August 15, 2013

How Investment Gurus Are Fixing Fixed-Income Portfolios

Envestnet|PMC, PIMCO and Guggenheim show how to make portfolios less vulnerable to interest rate shifts

When traditional fixed income yields began their stomach-churning rise in May, strategists started to field calls from advisors looking to get out of their buy-and-hold bonds and into more flexible investments.

During the 30-year secular bull run in fixed income, the conventional wisdom had been that portfolios comprised of anywhere from 70% to 100% bonds enjoyed dependably low volatility and low risk. But when the bond bubble burst in May, advisors and their retiree clients suddenly realized they would need to get into new investments — and fast.

Tim Clift, chief investment strategist, Envestnet|PMC“They were afraid, because typically, fixed-income investors aren’t jumping around in the markets,” said Tim Clift (left), who as chief investment strategist for Envestnet|PMC was one of those people who started to field calls. “Income is the biggest issue that advisors have had questions about this summer, and we’re helping advisors get past buy-and-hold and into flexible opportunities.”

With wealth management and tech software firm Envestnet serving 25,415 advisors, Clift said his Portfolio Management Consultants group had already been warning advisors for a long time that the bond market was a ticking time bomb. When it exploded, PMC was ready with risk diversification strategies that didn’t involve alternatives such as commodities or hedge funds.

“The risks are much higher now because we’re at the end of this 30-year secular trend in fixed income,” Clift said. “We’re at a turning point. There’s no telling how long this ‘new normal’ will last, but it’s not a short-term phenomenon."

To be sure, other wealth and asset managers with deep knowledge of the bond market have joined Envestnet in proposing new strategies that focus on curtailing interest rate risk. Here’s a roundup of what strategists believe are the best fixed-income investment opportunities this summer:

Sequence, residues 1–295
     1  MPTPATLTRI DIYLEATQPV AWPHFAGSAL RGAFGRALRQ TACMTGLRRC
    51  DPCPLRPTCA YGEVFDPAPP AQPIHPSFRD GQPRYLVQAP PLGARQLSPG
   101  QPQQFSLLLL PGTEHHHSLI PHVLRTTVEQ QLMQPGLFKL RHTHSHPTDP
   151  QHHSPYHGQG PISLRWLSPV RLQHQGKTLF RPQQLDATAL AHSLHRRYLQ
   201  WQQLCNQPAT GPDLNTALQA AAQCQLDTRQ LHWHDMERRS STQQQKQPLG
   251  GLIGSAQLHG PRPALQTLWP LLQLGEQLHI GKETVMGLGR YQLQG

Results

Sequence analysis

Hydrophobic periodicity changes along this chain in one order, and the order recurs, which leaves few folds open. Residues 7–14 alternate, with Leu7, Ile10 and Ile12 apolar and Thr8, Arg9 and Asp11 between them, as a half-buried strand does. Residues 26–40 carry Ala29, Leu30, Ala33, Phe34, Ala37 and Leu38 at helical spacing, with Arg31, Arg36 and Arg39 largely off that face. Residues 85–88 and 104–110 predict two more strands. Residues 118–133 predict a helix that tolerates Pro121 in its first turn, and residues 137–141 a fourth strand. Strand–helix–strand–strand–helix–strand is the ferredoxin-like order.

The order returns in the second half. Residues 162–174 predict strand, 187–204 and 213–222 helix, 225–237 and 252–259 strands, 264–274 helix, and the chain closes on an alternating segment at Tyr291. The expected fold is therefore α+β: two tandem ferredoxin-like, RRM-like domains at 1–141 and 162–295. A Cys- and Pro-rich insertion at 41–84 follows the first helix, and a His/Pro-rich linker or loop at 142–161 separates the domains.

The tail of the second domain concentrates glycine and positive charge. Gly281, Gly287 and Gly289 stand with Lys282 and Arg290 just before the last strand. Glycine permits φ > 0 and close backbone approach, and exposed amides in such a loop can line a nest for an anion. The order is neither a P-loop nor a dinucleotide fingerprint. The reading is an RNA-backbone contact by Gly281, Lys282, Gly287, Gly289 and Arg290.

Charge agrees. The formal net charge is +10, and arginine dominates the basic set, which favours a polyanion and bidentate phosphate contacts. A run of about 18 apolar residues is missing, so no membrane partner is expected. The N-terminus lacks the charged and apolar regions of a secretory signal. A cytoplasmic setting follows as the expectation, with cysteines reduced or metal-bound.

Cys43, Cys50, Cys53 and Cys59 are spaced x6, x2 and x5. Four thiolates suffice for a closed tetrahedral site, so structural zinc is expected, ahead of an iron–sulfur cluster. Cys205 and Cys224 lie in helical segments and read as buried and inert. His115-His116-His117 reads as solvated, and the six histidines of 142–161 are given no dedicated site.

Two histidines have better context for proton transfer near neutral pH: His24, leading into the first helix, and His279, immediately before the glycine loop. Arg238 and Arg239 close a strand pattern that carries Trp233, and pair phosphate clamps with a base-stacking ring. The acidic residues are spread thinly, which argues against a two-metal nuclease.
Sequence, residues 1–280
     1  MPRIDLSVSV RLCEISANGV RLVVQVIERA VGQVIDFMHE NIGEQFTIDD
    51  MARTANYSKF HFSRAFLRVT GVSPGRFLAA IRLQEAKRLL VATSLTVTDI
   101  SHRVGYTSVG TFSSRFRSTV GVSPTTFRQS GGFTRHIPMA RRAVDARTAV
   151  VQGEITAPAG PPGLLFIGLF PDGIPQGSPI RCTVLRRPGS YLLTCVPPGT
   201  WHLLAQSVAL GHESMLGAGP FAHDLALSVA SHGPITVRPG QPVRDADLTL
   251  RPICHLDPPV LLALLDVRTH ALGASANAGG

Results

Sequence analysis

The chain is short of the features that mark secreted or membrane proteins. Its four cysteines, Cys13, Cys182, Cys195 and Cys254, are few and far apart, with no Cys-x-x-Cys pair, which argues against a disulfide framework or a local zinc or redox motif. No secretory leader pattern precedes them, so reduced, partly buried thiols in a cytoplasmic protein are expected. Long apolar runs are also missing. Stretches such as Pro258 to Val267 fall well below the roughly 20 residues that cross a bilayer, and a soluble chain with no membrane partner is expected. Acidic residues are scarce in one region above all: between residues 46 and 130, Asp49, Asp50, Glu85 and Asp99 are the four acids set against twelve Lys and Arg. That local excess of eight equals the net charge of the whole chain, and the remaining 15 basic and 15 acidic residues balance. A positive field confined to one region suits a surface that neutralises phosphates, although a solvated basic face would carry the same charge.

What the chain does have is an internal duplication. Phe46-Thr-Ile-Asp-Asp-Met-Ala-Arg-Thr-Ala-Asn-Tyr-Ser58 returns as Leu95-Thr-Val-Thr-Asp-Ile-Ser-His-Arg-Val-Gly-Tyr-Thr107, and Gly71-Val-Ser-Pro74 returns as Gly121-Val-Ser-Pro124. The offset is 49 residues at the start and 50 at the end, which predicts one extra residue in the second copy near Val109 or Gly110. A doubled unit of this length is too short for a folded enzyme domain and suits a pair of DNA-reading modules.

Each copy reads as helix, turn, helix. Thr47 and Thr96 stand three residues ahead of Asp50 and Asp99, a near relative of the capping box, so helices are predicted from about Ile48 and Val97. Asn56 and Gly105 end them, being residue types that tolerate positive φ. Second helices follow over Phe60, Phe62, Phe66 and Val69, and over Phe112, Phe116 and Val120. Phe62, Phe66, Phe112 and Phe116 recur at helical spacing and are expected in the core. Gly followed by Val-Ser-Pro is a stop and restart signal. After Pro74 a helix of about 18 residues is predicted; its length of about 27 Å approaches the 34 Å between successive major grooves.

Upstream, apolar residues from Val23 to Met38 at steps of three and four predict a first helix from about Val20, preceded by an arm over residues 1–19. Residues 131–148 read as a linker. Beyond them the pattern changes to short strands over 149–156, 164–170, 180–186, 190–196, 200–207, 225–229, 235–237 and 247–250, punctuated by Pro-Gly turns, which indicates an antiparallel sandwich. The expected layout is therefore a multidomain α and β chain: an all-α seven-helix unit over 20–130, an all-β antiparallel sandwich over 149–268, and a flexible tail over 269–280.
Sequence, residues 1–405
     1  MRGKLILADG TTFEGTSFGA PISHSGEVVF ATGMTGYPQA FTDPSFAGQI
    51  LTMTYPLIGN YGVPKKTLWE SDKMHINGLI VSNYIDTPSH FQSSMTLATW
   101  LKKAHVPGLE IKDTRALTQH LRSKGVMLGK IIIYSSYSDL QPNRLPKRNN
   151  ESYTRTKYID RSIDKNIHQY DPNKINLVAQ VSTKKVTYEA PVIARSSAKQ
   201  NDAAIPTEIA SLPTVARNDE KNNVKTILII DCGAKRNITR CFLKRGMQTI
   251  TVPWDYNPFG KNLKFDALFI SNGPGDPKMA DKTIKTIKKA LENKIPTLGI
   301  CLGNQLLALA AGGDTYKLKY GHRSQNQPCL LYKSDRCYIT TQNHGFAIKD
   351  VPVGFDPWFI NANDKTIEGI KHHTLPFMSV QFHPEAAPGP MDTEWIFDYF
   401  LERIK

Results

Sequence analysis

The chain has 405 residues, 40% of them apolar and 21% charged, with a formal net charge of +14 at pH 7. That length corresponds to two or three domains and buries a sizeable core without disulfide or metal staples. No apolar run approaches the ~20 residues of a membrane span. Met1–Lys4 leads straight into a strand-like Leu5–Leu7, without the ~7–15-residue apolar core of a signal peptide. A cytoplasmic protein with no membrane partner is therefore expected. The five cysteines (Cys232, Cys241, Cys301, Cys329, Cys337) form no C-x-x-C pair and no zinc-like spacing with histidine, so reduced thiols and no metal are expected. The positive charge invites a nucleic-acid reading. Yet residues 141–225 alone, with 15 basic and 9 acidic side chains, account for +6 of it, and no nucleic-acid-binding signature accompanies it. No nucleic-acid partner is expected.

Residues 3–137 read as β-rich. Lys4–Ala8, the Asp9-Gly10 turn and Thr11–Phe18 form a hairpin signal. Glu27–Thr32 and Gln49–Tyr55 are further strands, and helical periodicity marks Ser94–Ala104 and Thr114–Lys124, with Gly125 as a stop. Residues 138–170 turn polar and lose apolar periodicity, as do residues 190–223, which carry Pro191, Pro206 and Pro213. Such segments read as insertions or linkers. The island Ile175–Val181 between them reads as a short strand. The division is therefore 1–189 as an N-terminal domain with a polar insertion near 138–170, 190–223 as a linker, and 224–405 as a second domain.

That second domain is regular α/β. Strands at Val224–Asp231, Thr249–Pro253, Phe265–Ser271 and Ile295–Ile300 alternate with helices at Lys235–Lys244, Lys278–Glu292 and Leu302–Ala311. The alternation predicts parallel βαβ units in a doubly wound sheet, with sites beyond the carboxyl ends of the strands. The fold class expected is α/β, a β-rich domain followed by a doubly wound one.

Tim Clift, Chief Investment Strategist, Envestnet|PMC

1) Bank loans. These 60- to 90-day short-term floating-rate loans are benchmarked against LIBOR and have almost no interest rate risk because the price and yield resets every 60 to 90 days, according to Clift.  They’re currently yielding an average of 4% to 6%, but they’re risky because these are lower rated corporate credits, and they can go into default. However, the default rate is currently less than 2%, and if they do default, they’re the most senior securities in the capital structure.

2) High-yield corporate credit. These fixed-income securities are currently yielding a return of 5% to 6%, but the downside is that high-yield credit is closely correlated to the relatively risky equity market.

3) Emerging-markets sovereign debt. “Currently, the debt of emerging markets is better than the debt of developed countries, although there is country and currency risk attached to them,” Clift said. “There’s always a tradeoff.” Rather than buy EM debt of a specific country, PMC recommends buying a basket of EM debt.